NFL plays are likely designed sequentially on the drive level. Playcalls are dependent on the plays that happen immediately before — second-and-8 playcalls are very different from second-and-4 — and schematically, playcalls often set up other plays that will come later in the drive or game. The drive is the natural unit of analysis to coaches and teams.
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Viewing drives as the unit of analysis is even true in analytical metrics. Perhaps the most cited statistic in analytical circles — expected points added (EPA) per play — is a combination of play- and drive-level analysis. EPA per play doesn't calculate the expected points added on that specific play, as it actually calculates the drive's expected points added on that play. Drives are the unit to evaluate offensive and defensive success.
There are two broad approaches for how to best score points on a given drive. The first is to “march up the field” to generate first down after first down a few yards at a time. The logic goes that it is easier to gain five yards than 25, so consistently stacking these higher-probability outcomes is the path toward maximal repeatable success. The second approach is to try for chunk plays — the “explosive approach” — to gain as many yards as possible using the least amount of plays for that drive.
To evaluate the success of each approach, we can draw a comparison with baseball. Marching up and down the field is akin to stacking up singles and walks. In baseball, enough singles and walks (a high on-base percentage) can lead to a big inning. Alternatively, a team can score runs through extra-base hits — captured by slugging percentage — whereby doubles, triples and home runs are events where one play raises scoring expectations on a dynamic scale.
Explosive plays are akin to slugging percentage — events where only one play raises scoring expectations immensely. In baseball, a high on-base percentage is undoubtedly beneficial to score runs, but it is difficult to continually stack walks and singles for a big inning before the defense accrues three outs. This is also true in football, as it is difficult to continually stack first downs on a drive before running out of downs.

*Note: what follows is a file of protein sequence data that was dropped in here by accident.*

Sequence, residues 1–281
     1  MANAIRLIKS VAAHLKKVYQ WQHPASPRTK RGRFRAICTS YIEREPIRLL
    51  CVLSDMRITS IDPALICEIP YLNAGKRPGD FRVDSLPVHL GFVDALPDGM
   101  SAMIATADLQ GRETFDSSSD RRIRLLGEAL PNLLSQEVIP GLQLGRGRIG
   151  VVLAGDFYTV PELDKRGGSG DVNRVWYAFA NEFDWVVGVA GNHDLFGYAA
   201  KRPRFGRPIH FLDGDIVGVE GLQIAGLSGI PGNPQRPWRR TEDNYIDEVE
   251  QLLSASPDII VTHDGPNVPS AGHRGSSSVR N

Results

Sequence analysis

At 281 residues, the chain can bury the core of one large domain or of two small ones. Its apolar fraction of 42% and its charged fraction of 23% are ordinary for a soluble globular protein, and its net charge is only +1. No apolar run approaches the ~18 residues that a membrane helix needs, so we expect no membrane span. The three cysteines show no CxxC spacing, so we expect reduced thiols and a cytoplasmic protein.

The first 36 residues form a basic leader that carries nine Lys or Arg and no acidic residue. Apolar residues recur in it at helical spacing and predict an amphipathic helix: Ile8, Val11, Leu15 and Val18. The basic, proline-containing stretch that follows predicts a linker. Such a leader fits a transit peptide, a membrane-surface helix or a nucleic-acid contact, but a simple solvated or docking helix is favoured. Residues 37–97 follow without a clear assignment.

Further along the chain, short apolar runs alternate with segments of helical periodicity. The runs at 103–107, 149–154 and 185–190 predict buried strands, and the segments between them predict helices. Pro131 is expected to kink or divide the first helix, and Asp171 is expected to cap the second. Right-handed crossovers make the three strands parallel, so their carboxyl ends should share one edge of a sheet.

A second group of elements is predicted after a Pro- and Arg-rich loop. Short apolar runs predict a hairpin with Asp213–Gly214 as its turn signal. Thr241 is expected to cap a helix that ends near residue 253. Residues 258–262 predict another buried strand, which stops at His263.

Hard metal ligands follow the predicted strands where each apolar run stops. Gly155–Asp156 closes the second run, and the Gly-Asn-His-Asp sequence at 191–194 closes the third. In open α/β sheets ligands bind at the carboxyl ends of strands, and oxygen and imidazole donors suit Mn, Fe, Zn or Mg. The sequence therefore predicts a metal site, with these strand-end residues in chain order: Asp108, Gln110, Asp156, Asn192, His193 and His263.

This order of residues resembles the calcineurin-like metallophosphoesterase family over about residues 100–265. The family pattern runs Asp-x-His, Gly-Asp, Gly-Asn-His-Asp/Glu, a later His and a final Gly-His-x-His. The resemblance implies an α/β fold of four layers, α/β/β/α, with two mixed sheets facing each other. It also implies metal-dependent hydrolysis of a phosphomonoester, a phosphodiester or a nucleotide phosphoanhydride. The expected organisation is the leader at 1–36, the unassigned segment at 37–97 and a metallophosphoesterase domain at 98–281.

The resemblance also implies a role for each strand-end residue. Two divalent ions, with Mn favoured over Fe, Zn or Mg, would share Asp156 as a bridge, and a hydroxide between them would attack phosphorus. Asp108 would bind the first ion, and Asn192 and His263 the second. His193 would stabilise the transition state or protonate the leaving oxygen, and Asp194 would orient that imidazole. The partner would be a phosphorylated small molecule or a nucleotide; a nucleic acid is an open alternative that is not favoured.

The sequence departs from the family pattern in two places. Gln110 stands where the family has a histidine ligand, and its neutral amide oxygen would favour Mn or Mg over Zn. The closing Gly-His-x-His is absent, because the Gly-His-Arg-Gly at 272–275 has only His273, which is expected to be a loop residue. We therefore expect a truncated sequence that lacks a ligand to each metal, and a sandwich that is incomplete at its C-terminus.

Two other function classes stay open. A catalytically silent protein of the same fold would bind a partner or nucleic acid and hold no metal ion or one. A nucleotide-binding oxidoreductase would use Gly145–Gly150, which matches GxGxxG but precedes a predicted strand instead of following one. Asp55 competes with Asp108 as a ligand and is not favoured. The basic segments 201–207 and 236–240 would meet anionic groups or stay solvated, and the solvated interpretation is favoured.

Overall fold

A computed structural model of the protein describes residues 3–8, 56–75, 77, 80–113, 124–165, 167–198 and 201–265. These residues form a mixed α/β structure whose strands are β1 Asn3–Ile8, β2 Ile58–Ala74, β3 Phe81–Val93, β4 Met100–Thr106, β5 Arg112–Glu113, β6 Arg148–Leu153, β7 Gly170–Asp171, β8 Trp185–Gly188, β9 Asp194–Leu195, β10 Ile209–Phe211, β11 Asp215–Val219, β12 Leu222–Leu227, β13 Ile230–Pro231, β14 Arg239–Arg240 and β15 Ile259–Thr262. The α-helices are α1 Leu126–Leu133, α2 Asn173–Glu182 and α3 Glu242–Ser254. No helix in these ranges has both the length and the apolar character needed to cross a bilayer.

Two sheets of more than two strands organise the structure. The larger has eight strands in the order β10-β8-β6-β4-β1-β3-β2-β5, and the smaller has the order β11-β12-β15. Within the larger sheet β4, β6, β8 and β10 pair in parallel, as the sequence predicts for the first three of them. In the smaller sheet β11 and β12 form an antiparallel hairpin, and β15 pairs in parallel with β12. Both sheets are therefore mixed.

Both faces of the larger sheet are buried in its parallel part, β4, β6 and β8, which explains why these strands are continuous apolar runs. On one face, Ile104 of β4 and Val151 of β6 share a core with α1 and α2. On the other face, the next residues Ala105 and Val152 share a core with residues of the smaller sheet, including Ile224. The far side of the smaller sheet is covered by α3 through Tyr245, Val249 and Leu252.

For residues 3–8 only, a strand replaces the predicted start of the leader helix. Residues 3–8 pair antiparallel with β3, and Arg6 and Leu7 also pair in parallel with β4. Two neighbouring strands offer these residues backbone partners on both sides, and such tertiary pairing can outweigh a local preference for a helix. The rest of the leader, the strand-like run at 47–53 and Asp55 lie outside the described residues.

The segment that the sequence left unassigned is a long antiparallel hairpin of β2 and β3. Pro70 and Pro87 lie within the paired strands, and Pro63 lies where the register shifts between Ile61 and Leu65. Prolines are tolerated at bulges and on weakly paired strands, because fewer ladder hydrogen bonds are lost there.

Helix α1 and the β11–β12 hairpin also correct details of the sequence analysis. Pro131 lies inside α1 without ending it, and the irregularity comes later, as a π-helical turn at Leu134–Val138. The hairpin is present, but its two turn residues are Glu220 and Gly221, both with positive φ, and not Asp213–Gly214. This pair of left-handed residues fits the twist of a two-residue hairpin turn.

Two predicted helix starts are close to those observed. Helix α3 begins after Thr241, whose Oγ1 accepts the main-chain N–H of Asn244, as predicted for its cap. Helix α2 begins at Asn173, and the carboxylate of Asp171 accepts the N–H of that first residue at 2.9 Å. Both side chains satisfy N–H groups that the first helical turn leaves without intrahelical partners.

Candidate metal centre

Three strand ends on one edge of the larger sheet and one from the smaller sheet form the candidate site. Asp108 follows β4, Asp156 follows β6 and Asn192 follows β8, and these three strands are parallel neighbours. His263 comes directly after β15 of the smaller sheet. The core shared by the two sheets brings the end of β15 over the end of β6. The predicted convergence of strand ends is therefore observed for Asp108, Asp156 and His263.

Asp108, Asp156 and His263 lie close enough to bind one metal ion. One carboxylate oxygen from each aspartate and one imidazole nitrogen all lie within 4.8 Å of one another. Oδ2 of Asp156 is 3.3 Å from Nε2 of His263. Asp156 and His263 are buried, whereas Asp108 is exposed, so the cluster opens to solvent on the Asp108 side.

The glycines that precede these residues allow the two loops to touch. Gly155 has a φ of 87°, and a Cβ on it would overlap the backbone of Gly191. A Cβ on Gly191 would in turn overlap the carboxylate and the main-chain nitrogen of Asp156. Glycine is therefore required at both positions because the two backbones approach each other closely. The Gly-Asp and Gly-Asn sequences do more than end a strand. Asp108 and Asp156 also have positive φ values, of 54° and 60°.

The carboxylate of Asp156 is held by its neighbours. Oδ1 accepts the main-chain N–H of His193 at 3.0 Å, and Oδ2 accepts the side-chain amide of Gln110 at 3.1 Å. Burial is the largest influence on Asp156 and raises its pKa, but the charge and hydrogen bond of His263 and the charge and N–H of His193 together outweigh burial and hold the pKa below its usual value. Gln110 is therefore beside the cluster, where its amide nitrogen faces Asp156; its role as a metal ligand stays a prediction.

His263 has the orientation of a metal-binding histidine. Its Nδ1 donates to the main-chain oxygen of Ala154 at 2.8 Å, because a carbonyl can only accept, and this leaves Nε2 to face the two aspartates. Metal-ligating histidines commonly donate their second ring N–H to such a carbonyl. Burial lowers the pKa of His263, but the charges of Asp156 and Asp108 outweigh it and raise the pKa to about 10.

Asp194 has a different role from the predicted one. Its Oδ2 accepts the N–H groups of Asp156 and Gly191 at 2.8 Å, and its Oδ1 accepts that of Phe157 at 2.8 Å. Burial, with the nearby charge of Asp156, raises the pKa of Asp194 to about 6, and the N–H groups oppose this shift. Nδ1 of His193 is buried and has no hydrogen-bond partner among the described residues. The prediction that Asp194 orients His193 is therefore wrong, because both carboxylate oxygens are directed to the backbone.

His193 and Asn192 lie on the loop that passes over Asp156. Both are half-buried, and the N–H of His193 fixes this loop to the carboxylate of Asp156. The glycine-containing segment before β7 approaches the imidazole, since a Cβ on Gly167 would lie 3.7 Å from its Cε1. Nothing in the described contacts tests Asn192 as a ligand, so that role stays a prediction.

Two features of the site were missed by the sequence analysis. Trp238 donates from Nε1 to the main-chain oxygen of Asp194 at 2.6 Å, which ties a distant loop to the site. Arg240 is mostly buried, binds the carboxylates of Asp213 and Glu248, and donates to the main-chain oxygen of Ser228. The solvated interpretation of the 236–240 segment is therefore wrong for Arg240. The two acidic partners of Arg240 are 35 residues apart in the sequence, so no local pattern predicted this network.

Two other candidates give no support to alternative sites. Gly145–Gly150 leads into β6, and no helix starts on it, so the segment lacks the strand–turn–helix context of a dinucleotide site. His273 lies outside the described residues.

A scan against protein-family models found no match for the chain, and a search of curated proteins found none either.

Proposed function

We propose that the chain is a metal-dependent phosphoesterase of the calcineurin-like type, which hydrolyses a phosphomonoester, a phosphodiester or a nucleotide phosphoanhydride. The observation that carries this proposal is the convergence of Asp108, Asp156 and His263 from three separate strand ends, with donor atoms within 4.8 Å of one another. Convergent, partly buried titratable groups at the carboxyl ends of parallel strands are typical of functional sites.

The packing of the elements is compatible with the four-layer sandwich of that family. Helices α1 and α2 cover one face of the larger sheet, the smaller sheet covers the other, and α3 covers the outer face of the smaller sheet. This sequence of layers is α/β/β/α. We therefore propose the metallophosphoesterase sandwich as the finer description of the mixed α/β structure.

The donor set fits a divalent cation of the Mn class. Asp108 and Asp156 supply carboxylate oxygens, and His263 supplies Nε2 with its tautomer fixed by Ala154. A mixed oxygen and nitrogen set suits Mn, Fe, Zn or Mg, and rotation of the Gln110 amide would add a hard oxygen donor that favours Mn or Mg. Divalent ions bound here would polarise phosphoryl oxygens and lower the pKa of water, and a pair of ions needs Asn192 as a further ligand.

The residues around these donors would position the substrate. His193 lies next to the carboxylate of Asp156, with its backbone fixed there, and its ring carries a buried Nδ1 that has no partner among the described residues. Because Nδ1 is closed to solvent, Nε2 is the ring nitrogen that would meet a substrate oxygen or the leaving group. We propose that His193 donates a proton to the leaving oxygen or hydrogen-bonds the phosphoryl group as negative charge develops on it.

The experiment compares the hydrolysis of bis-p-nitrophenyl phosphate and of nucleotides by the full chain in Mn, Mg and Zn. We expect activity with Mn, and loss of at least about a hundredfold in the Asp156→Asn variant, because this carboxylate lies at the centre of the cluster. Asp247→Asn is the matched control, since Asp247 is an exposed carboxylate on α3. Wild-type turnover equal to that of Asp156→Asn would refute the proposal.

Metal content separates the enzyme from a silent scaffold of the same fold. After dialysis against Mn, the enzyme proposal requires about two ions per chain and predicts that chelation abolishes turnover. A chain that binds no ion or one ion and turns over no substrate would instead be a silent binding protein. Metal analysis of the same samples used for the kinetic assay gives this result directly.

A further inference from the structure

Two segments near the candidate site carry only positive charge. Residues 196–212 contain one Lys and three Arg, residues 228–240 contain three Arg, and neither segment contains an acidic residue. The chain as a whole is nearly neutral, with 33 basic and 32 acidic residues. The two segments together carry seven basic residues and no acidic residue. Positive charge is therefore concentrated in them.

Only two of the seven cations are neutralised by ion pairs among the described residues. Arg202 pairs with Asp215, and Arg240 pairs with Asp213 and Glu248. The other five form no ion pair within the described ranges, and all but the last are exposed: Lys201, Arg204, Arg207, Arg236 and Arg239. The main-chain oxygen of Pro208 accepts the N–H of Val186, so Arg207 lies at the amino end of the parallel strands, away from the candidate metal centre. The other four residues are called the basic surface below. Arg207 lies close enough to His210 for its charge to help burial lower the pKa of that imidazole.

Consider the conditional probabilities at play. The average NFL series conversion rate is 72%, but if a team starts a drive on the 25-yard line, using the marching approach, teams would need to accumulate around six or seven first downs to reach the end zone. Without chunk plays, the probability chart below suggests that if a team accumulates first downs a few yards at a time, it will likely fail before reaching the end zone.
Certainly, a better series conversion rate is important to scoring, but a high series conversion rate is not enough. For consistent offensive success, teams also need to generate explosive plays, as explosive play success is imperative to scoring points in today’s NFL.
Let's establish some base rates for drives with and without explosive plays, which is defined as a gain of 20 or more yards.
The difference in expected points is pretty stark. A drive's scoring expectation nearly quadruples from an explosive play, as expected points and actual points per drive in the 2021 season tell the same story.
The picture that emerges from the data is that to have success on a drive, just accumulating first downs won’t suffice, as offenses must generate explosive plays to optimize success. In addition, 20 yards is no magic number, but it helps exemplify the explosive approach's benefits over the marching approach.
Now, what about drives with multiple explosive plays?